Though there is clearly much to celebrate, the 100th anniversary of archdiocesan Catholic Charities isn’t so much about nostalgia as about gearing up to face the challenges of the next 100 years. How to move forward in an era of social and political discord was the subject of the first Edward Cardinal Egan Forum Sept. 26 at the Sheen Center in lower Manhattan.
Father J. Bryan Hehir, professor of the Practice of Religion and Public Life at the Harvard Kennedy School, delivered the keynote address at the forum named for the late Archbishop of New York and sponsored by the Magnificat Foundation.
He was joined in a discussion afterward by Ross Douthat, an op-ed columnist for The New York Times, and Robert Niehaus, chairman of GCP Capital Partners, and chairman of the New York Catholic Foundation and Student Sponsor Partners.
Father Hehir began his address by laying out the biblical mandate found in Genesis and the prophets of the Old Testament, and particularly in the 25th chapter of St. Matthew’s Gospel, as the foundation of Catholic Charities’ work. He also described the scope and depth of that work in greater New York.
“Four hundred thousand people served through 90 distinct agencies, at a cost of 790 million dollars; I suggest to you this is the face of Catholicism, which our Holy Father Pope Francis has called the Church to be in every diocese and every country, namely a Church at the service of those who are vulnerable or suffering in any way. In dioceses throughout the country, Catholic Charities is an expression and demonstration of how this ancient teaching takes shape in a modern post-industrial society.”
Father Hehir said Catholic Charities’ work has evolved over 100 years from being a service aimed at the burgeoning Catholic community, funded by Catholics, to one serving a much broader and more diverse community across a much more complicated social landscape. He noted that Catholic Charities, while still heavily dependent on the generosity of lay Catholics, is staffed by a pluralistic roster of professionals, and its financial support is matched by funding from city, state and federal contracts.
Father Hehir said the problems of poverty, hunger and homelessness remain, joined by new questions exemplified by the “stubborn inequality” in both rural and urban America, the opioid epidemic and other addictions, and the rising tide of teenage suicide across the country, which make Catholic Charities’ mission in the 21st century much more complex.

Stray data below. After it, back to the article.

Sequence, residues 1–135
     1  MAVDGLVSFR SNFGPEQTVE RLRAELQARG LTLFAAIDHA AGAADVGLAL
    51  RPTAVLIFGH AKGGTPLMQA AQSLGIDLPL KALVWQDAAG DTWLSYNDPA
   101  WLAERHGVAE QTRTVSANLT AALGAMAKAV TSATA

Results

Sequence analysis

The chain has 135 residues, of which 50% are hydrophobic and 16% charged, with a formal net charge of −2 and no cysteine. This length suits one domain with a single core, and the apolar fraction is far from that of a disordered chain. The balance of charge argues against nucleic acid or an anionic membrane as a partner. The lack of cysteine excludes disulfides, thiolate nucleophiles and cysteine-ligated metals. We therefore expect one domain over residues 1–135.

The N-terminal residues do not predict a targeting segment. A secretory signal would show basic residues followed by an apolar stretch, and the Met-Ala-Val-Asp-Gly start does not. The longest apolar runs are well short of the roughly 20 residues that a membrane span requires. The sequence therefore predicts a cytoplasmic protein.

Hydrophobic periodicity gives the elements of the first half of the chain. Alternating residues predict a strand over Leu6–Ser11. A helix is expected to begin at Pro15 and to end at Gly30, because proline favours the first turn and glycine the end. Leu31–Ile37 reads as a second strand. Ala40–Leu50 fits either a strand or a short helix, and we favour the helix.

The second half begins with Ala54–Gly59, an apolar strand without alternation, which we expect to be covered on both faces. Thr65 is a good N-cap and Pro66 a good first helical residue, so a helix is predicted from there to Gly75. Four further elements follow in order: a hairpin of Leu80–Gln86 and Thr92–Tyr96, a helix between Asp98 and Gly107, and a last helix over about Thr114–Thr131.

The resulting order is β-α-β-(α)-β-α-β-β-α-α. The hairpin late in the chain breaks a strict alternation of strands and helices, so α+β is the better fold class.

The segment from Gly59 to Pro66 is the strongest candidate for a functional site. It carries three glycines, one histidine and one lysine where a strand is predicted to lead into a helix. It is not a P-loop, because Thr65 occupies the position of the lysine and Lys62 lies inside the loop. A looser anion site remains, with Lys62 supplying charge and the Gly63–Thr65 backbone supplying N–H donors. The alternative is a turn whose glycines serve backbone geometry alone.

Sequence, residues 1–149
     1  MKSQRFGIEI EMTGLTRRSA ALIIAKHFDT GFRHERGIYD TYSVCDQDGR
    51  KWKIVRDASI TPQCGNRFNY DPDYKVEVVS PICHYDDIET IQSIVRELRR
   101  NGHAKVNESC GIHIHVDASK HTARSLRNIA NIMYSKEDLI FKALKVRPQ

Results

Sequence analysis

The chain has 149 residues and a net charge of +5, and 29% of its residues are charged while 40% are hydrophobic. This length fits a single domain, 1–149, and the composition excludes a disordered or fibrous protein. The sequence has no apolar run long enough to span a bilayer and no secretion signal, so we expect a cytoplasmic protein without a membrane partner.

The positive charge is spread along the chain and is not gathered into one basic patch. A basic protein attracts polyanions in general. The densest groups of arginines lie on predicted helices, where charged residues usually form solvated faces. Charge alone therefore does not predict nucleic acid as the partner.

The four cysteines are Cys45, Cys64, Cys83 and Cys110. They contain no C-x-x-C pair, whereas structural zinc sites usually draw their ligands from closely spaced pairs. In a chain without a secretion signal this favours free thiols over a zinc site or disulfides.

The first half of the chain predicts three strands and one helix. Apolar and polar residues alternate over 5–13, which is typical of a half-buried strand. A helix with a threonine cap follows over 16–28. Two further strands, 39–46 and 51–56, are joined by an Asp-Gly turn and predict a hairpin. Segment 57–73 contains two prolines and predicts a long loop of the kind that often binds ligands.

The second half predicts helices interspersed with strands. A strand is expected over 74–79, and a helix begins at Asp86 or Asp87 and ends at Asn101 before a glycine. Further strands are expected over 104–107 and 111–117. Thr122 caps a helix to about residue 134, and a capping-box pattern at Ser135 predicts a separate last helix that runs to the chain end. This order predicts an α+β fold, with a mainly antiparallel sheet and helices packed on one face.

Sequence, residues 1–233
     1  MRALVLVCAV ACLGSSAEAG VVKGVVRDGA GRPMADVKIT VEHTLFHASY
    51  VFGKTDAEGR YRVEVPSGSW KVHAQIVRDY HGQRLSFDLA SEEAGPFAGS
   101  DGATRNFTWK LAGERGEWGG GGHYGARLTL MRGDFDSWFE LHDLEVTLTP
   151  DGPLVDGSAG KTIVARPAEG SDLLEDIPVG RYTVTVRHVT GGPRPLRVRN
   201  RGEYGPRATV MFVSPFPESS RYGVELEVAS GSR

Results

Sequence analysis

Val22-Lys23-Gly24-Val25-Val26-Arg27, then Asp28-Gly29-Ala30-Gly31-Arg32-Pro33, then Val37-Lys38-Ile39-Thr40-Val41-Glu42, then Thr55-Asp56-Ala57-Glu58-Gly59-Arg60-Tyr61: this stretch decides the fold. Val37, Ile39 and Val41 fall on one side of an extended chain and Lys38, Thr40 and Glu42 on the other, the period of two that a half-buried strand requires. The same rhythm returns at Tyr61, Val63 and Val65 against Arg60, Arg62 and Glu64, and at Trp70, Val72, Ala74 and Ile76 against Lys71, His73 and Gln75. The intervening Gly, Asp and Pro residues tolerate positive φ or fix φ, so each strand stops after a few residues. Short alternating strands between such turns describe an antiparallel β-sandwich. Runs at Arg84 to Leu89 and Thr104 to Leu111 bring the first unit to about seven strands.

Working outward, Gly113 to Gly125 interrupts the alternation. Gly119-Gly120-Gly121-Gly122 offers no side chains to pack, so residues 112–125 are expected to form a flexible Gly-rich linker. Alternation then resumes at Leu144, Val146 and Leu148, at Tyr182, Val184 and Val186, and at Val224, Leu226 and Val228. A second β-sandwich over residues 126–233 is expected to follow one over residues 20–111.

Father Hehir described Catholic Charities as a “bridge institution,” solidly rooted in the Church but not contained within its walls, connecting the resources, skills and the dedication of Catholics to the needs of the wider American society. He called this relationship a partnership in the common good. “The common good and Catholic Charities are well located at this moment in time,” he observed, “as we try to heal the fissures and fractures in our public life.”
He said Catholic Charities should serve as a bridge between its specific ministry and the wider community of Catholics. Pointing to the history of the Church in America, he explained that Catholics, once on the margins of U.S. society, have moved solidly into the mainstream since the end of World War II, and are now part of all segments in society from government to various professions. Still, the Church, to a great degree, resides at the edge of American life, Father Hehir said.
“The edge today is black, white and brown,” he explained. “The edge is documented and undocumented children and adults. The edge is in the heart of our cities and the conflicted territories of our national borders.” And he pointed out one more challenge that has emerged within the Church and in the broader society in recent decades, the destabilization of the middle and working class.
“Many of the individuals and families in this stratum of the middle class have long been our donors to Catholic Charities,” he said. “So, we need to pay attention to this bridge also. There are multiple bridges that need to be built within the Church and the country today.
“I propose, for debate at least, that there is no other institution, religious or secular, that has this kind of structural presence in our society.”
In the discussion that followed, Douthat commented on the challenge the Church faces in navigating what he termed the modern world of “post-Christian politics.”
“One thing that you see happening in both political factions is the development, not fully fledged in any way, but hints of a really kind of post-Christian politics,” he argued. “On the left, the activist left in particular, you can see...movements for racial justice and racial equality that would have been connected to the Black Church 25 or 30 years ago and today are almost entirely secular...And on the right, in the rise of Donald Trump particularly, in some of the fringier but still influential groups that supported him, you can see a sort of European-style blood-and-soil nationalism that’s not usually part of the American political tradition that has overlaps with Christianity in certain ways but is also post-Christian in certain respects. A lot of Donald Trump’s supporters in the primary campaign came from the least churched, most secular portion of the Republican Party.
“So, you have this growing secularization in both extremes of American politics, even as our pluralism seems to be breaking down and fragmenting.”
Father Hehir reminded the audience that because of what the Church proclaims itself to be, it is being watched. He noted the words spoken by French Nobel Prize-winning author and agnostic Albert Camus in an address Camus gave to the Dominicans serving in Paris at the end of World War II.
“He closed this way. He said, ‘We cannot create a world in which no innocent children suffer, but we can create a world in which fewer children suffer. And if we look to the Christians and don’t find help, where else can we go?”